Slight increases in student enrollment have occurred all across the board for schools in Chemainus, Crofton and Thetis Island.
Enrollment numbers from Sept. 30, 2016 to Sept. 30, 2017 are as follows:
Crofton Elementary School – (2016: 180, 2017: 192, increase of 12 students).
Chemainus Elementary School – (2016: 298, 2017: 331, increase of 33 students).
Chemainus Secondary School – (2016: 249, 2017: 269, increase of 20 students).
Thetis Island Elementary – (2016: 14, 2017: 17, increase of 3 students).
At the same time, there’s been new classroom teachers hired as a result of the class size and composition requirements, 2.18 at Crofton Elementary, 4.25 at Chemainus Elementary and 2.3 at Chemainus Secondary. There has been no increase in classroom teachers due to class size and composition language at Thetis Elementary.
This does not factor in new teachers who would have been needed simply due to enrollment growth. Across the district, 64.934 new classroom teaching positions have resulted from class size and composition requirements and 5.570 non-enrolling positions such as teacher librarians, English as a second language teachers, counselling resources and others.
“The Cowichan Valley School District has experienced another year of enrollment growth after years of decline, which is fantastic for our communities and our schools,” noted Rod Allen, superintendent for School District 79. “This means more people are discovering what our communities have to offer them and they are choosing to live, work and learn here.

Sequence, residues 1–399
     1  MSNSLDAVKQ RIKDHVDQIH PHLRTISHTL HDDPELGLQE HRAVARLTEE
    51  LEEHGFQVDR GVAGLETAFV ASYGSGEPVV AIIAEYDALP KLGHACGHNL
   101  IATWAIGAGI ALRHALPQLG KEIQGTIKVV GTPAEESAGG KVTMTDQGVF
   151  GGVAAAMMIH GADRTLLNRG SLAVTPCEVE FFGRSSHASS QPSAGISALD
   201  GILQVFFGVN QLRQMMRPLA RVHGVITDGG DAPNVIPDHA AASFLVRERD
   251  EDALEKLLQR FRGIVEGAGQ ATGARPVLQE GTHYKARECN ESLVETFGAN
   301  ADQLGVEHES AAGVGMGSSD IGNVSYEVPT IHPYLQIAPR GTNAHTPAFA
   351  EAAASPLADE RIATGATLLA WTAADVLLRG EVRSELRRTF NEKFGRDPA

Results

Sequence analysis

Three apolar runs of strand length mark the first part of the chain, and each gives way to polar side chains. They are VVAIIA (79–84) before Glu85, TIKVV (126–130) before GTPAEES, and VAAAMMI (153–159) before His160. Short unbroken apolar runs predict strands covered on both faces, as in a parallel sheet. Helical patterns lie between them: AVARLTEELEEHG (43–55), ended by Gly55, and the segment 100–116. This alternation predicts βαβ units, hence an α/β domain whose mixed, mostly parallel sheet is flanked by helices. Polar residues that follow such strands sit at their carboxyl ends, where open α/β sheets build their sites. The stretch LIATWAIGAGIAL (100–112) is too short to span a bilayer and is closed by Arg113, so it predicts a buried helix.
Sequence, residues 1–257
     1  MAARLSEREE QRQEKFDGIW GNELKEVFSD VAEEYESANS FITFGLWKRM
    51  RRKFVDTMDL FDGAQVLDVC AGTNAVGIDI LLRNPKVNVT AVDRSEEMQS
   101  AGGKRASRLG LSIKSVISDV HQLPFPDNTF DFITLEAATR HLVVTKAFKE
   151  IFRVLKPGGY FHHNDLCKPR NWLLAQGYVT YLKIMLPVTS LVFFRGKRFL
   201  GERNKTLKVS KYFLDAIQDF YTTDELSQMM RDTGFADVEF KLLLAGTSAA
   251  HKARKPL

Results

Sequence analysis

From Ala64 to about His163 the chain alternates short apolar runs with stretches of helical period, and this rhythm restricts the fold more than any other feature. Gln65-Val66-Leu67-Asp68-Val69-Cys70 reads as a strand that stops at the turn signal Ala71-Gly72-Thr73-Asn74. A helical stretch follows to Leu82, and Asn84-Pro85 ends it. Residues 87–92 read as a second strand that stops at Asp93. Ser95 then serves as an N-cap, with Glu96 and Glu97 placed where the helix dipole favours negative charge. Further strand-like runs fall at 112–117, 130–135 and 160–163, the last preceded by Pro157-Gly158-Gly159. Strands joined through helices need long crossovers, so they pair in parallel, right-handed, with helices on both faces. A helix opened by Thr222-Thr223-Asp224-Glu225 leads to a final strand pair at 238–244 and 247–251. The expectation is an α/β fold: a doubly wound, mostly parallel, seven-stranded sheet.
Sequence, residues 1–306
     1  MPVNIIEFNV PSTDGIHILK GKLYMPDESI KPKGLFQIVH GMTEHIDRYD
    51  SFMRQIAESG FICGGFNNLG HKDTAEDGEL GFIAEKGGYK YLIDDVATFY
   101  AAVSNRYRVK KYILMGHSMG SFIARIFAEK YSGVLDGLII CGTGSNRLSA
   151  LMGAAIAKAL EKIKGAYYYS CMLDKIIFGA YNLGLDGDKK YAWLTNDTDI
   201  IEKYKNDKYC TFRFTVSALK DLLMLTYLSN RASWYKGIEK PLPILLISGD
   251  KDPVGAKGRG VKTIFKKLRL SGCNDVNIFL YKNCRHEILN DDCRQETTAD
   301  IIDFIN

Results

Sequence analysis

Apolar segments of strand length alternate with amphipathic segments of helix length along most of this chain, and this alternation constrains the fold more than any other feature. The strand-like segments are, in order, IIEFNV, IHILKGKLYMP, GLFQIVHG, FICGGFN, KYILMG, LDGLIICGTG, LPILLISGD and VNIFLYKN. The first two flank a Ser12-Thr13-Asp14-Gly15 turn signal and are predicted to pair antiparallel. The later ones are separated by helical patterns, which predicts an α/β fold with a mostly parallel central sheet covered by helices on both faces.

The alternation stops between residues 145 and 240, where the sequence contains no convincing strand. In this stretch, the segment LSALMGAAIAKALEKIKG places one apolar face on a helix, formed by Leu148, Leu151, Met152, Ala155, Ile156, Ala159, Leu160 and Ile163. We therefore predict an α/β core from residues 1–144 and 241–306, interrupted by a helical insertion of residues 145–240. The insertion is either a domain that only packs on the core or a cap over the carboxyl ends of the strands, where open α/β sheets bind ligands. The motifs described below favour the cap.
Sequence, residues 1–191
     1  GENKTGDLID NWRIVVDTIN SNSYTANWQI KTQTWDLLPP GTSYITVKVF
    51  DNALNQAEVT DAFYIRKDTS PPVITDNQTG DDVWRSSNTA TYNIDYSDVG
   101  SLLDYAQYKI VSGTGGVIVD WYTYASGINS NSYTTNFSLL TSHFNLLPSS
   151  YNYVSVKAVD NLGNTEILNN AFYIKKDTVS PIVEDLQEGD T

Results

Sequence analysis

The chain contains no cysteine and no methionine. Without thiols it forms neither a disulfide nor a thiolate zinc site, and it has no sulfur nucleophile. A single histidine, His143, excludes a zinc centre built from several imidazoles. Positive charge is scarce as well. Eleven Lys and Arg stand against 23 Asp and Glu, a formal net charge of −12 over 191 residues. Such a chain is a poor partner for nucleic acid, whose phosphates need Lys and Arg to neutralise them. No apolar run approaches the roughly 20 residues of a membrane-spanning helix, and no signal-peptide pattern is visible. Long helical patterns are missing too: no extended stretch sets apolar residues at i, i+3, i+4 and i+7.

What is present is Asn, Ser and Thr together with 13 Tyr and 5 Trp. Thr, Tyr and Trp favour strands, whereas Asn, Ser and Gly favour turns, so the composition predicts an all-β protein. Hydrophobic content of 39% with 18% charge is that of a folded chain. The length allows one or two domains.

“We have an incredible public education system in our district, and it’s exciting to see that more and more kids are getting an opportunity to experience what we have to offer. On top of that, we’ve welcomed a number of new teachers and staff to our school district this year thanks to enrollment increases and new class size and composition requirements.”
He added the district realizes the enrollment growth and class size requirements have put additional pressure on schools in terms of capacity. Several portables were relocated to schools—including Crofton Elementary—and unused classroom spaces reopened. The growth in the district isn’t expected to slow down in the years ahead.
“Our Board of Education is continuing to work with the local and provincial governments to make sure that growth in the Cowichan Valley is factored into community planning and funding opportunities for new schools,” Allen indicated.